All hidden object games require you to find lists of objects within a busy scene.
The story lines for hidden object games are frequently written in novelette format.
If you haven’t played hidden object games yet, I would encourage you to try them out. They’re tons of fun! (Even for non-game players, like me.)
Depending on the game’s creator, there may be additional challenges thrown in — like puzzles and adventure modes.
You might also have a few hints to use throughout the scenes when you get stuck, but hidden object games are more enjoyable when you don’t rely on such tactics.
Here are some of the best strategies for finding items faster in hidden object games…
Search By Color
Searching for items by their most common color can make objects easier to find.
For example, if one of the hidden objects is a fire hydrant, then looking for red items within a scene will be a good way to reduce the number of hiding spots for that item.
Some games tend to challenge you by hiding the object within items of the same color — like a red apple within a bouquet of roses.
Other games may change the color of an item to something that is not expected — like a yellow fire hydrant rather than the common red shade. In this instance, it’s best to search for the color as well as the shape. That way, you may be able to spot cylindrical objects in order to find the fire hydrant if the color red cannot be found.
Search By Shape
When it comes to identifying objects by their shape, it’s best to look for areas where that item could easily blend in.
A crowbar is a common object to find within these games and it is often hidden at the borders of items — such as windows and doorways — because of its long, slender frame.
By carefully scrutinizing over items with defined borders, it may be easier to spot objects that could be a part of the frame. Also, a thin object — such as a sword — can be hidden within tall blades of grass or pinstriped wallpaper.
Look For Oddities
Trust your first instincts.
If there’s an area within the scene that stands out and catches your eye, odds are there is probably something hidden there!
For example, a bowl of fruit that doesn’t seem quite right may be concealing something on the list of hidden objects.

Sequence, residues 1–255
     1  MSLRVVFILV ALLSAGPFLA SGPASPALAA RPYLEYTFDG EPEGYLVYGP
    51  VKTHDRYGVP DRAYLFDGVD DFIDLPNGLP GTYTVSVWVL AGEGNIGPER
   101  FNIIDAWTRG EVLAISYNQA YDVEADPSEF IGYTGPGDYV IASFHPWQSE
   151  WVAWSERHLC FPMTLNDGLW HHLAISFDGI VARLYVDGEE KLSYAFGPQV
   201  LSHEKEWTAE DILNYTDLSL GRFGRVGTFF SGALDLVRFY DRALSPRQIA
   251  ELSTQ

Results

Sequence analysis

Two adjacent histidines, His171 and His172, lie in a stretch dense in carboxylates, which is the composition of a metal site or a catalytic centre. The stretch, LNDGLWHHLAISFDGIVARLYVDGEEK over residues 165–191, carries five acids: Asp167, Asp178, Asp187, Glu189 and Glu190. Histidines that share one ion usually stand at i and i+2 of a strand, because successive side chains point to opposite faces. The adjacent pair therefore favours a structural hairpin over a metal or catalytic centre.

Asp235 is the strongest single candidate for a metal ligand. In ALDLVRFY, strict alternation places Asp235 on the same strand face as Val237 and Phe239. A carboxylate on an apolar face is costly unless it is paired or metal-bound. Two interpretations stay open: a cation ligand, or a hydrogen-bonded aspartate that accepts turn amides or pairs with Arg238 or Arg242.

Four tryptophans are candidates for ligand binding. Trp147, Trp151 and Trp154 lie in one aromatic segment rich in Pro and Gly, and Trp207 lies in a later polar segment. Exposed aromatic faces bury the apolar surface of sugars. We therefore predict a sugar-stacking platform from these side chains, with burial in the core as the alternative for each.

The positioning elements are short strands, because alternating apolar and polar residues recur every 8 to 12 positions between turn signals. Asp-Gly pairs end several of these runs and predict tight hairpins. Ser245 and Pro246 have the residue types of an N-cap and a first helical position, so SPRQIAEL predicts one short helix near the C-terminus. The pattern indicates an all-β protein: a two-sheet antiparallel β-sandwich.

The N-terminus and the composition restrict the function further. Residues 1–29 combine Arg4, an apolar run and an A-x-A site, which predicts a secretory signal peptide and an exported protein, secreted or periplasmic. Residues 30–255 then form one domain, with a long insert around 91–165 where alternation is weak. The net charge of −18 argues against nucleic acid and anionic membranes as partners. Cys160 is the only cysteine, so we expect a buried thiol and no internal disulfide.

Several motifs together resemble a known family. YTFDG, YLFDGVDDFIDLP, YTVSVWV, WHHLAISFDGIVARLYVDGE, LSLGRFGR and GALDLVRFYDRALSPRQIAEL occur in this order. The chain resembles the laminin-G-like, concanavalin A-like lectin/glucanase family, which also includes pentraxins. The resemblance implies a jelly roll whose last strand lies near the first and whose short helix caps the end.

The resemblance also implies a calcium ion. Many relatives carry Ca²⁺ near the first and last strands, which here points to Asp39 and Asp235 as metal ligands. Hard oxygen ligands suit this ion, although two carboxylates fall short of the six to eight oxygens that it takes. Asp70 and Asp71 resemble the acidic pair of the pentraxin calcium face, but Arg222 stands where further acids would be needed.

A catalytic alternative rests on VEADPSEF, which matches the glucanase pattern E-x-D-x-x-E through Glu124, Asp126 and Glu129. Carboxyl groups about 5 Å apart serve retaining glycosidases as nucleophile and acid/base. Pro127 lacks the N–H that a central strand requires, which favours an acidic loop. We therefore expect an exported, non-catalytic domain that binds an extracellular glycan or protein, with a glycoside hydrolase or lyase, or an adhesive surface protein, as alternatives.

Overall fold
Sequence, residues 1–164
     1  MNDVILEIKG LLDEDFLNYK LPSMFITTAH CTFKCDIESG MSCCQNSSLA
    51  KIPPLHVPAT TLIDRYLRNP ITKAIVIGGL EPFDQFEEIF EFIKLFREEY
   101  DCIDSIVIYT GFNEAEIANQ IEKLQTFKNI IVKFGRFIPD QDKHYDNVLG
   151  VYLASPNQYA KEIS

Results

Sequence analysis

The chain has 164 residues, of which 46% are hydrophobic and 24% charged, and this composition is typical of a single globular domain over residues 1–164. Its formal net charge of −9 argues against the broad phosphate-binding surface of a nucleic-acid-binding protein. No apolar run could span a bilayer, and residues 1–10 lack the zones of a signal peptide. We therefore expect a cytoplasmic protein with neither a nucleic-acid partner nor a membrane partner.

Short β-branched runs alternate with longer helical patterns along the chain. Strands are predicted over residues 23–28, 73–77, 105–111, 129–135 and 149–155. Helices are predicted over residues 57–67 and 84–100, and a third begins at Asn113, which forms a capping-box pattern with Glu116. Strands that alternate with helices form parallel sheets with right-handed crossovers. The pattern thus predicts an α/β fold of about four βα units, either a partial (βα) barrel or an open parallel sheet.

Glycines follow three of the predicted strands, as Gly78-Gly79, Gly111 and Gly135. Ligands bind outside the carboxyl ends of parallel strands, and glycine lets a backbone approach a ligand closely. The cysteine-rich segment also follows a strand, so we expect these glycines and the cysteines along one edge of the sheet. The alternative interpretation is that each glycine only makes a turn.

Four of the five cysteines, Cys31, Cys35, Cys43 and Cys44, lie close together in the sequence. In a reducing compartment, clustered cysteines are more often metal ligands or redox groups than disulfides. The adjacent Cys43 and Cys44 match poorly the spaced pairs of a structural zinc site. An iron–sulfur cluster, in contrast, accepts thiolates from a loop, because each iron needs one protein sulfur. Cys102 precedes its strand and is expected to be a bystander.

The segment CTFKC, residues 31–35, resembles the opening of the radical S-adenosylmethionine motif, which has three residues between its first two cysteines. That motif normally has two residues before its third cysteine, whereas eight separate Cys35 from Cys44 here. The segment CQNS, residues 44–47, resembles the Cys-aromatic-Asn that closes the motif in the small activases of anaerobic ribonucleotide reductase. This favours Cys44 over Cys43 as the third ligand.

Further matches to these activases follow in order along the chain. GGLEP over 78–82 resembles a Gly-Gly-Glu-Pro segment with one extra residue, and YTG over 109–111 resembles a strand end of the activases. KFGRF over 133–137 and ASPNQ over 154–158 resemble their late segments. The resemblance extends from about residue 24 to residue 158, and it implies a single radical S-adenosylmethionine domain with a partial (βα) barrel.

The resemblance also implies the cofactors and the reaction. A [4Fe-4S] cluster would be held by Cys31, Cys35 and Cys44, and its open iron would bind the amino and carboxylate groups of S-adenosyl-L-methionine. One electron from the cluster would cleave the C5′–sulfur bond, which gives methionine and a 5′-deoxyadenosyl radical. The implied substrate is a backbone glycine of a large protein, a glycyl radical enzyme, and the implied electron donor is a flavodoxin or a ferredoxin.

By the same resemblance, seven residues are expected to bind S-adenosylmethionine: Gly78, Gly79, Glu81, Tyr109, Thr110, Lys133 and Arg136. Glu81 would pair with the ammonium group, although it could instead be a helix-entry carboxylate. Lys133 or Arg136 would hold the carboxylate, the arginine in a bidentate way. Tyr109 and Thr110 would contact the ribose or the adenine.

With many hidden object games, you have the option of leaving the scene and coming back to it later.
This can be helpful if your eyes are getting tired or you are becoming frustrated trying to find the last item on the list.
By leaving the scene and coming back later, you can search again with a fresh mind and you may be able to locate things that your eyes were too tired to spot earlier.
Adjust Your Monitor
Some hidden object games have darker themes — such as hauntings or murder mysteries — which makes the illustrations for the scenes rather dim and hard to decipher between different objects.
When this happens, it can be helpful to change the brightness, contrast, or gamma of your monitor to be able to spot items that were hard to see in dark corners of the scene.
If your monitor can be pivoted vertically, realigning the screen can often increase the visibility of objects within a picture without having to adjust the settings.
Playing around with the brightness and visibility is the best way to find all of the hidden items without needing to use any of the hints.
The most important thing to remember is that these games are meant for entertainment and relaxation.
If you find yourself getting frustrated, try closing the game and coming back to it later when you can better focus your attention and enjoy the story line!
Where To Find Hidden Object Games
- NeuroArcade Hidden Object Games
- Online Hidden Object Games
- Free Unlimited Hidden Object Games
- Hidden Object Games For PC
- Shockwave Hidden Object Games
- Hidden Object Games 24/7
- Free Online Hidden Object Games
FUN TIP: There are 3 puzzles in the image at the top of this page. Can you solve the puzzles?
I like to help people find unique ways to do things in order to save time & money — so I write about “outside the box” ideas that most wouldn’t think of. As a lifelong dog owner, I often share my best tips for living with and training dogs. I worked in Higher Ed over 10 years before switching gears to pursue activities that I’m truly passionate about. I’ve worked at a vet, in a photo lab, and at a zoo — to name a few. I enjoy the outdoors via bicycle, motorcycle, Jeep, or RV. You can always find me at the corner of Good News & Fun Times as publisher of The Fun Times Guide (32 fun & helpful websites).